In addition to focusing on transmissibility in the population as noted above, an additional approach is to consider a higher level of scrutiny on those pathogens for which there is resistance or for which there are no countermeasures. These projects should receive additional consideration and could require that the work be done at BSL-3 or above. Most pathogens for which there are many unknowns are already studied at this level but standardizing this practice may be warranted. 

For example, modifying enteric pathogens to be more transmissible and resistant to all therapies should receive a higher level of review. Any type of research that enhances transmission should receive additional scrutiny and taken to a higher level of biosafety. This keeps the focus on where the greatest risk is to population-based spread and elevates the question of how the research is done.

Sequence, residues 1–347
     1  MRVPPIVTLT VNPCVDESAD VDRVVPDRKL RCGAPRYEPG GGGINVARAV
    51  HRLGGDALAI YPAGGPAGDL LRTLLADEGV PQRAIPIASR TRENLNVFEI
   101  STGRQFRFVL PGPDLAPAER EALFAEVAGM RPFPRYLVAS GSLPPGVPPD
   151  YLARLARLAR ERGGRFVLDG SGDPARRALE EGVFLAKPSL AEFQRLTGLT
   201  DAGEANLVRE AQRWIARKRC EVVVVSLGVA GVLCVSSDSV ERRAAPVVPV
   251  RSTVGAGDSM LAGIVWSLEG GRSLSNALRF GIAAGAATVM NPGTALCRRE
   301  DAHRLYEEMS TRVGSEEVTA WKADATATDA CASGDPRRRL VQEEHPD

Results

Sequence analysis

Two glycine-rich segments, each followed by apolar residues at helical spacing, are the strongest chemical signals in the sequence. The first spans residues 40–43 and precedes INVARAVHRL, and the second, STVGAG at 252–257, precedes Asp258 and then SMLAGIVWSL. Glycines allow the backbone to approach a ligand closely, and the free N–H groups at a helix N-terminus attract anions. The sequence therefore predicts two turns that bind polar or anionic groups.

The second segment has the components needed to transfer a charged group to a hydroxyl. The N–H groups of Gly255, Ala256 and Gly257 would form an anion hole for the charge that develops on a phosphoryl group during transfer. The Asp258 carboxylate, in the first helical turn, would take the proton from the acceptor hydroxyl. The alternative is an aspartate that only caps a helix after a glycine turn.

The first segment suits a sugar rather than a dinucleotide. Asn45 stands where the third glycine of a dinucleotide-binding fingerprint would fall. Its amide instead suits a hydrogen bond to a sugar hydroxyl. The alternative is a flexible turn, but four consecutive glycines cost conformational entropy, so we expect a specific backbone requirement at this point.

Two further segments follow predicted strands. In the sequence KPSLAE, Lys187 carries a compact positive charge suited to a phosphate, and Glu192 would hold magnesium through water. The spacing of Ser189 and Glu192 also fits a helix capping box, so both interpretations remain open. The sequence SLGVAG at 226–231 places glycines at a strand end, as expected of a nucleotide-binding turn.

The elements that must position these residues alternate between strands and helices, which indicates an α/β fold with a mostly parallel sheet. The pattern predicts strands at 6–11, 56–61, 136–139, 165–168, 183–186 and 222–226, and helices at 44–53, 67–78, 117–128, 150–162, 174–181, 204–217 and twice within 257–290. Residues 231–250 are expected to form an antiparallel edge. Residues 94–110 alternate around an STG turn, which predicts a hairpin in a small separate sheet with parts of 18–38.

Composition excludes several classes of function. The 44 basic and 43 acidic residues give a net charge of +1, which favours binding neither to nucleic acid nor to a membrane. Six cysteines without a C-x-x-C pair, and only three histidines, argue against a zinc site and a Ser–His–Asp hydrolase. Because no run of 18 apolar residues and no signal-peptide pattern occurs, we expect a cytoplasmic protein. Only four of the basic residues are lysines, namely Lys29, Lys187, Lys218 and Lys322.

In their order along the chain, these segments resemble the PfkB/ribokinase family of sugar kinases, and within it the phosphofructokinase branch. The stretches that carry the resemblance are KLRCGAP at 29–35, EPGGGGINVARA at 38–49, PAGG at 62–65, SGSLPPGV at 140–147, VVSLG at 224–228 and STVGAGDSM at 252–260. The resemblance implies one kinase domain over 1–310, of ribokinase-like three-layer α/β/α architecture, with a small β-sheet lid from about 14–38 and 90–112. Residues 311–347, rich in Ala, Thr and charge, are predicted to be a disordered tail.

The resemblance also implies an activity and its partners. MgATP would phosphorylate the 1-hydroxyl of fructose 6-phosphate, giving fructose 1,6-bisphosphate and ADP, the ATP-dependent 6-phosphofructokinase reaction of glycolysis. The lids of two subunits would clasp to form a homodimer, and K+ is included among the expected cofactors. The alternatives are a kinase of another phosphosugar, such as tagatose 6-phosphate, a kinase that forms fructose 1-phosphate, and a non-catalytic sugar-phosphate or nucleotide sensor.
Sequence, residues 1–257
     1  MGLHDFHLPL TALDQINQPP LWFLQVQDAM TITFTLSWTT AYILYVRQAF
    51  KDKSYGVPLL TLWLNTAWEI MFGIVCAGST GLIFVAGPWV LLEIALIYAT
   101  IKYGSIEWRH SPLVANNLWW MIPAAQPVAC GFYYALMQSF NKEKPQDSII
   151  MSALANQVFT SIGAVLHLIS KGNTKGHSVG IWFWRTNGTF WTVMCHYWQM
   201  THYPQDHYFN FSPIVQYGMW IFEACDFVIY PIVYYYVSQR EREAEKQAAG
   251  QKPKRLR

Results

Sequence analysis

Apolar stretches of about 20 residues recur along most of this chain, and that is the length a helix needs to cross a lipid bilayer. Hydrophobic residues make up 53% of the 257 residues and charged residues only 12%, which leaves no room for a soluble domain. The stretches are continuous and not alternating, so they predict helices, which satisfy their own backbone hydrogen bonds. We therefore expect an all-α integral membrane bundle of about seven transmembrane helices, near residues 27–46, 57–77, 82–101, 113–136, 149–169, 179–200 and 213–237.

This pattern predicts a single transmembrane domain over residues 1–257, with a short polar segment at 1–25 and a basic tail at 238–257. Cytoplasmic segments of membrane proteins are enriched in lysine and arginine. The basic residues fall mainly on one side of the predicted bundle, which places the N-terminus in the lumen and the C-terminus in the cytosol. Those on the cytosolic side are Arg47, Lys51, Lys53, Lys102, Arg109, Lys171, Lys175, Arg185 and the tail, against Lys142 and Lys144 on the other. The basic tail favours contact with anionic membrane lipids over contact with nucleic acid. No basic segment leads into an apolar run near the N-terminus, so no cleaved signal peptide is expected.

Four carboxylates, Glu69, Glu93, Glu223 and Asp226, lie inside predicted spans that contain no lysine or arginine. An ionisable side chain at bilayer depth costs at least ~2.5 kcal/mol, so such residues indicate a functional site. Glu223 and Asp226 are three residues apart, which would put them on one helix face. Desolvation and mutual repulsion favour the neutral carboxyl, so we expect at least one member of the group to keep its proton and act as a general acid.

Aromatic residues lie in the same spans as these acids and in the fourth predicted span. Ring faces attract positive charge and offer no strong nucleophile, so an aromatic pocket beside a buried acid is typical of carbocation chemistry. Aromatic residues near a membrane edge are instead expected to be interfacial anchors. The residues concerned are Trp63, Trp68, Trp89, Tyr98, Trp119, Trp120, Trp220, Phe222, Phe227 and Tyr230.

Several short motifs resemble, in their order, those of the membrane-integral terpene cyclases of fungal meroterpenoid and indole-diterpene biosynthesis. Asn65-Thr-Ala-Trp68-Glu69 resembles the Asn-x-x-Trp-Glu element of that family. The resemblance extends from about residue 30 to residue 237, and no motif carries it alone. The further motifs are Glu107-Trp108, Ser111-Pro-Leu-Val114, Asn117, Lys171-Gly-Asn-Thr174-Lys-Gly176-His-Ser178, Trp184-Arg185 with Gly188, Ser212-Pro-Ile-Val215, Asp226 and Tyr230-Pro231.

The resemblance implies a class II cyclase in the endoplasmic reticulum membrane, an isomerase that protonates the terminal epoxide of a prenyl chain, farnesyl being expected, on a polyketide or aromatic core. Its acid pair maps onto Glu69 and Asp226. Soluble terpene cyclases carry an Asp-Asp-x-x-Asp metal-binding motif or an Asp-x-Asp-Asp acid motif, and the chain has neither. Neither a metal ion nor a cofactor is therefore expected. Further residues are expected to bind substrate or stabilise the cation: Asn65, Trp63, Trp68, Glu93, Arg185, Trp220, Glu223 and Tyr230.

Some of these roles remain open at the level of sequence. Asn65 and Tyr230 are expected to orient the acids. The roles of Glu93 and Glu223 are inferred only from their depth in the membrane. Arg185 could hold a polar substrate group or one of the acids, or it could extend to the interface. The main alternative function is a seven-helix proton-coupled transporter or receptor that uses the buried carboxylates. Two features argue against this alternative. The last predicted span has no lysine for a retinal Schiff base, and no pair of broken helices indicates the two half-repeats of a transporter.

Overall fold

(d) Are there characteristics related to human pathology, pathogen characteristics or other features that would be helpful to clarify the intent of “moderately virulent?” Are there characteristics related to human pathology that would be helpful to clarify the intent of “moderately transmissible?”

As noted above, virulence can be a challenging parameter to use because virulence is a quality that is difficult to measure in a laboratory environment except in animal models, which do not always reflect how a pathogen behaves in a human. This is because virulence is a property of the interaction between agent and a given host. In the case of vaccine development against novel viruses, scientists often need to make the virus more virulent in an animal model (e.g. a mouse) in order to develop a vaccine. This does not necessarily mean the virus at that stage is dangerous to humans or at a population level. We do not support expanding the term to include “moderately virulent” because it is not by itself a good indicator of risk. Focusing on transmission and considering high virulence in the context of transmissibility is more appropriate.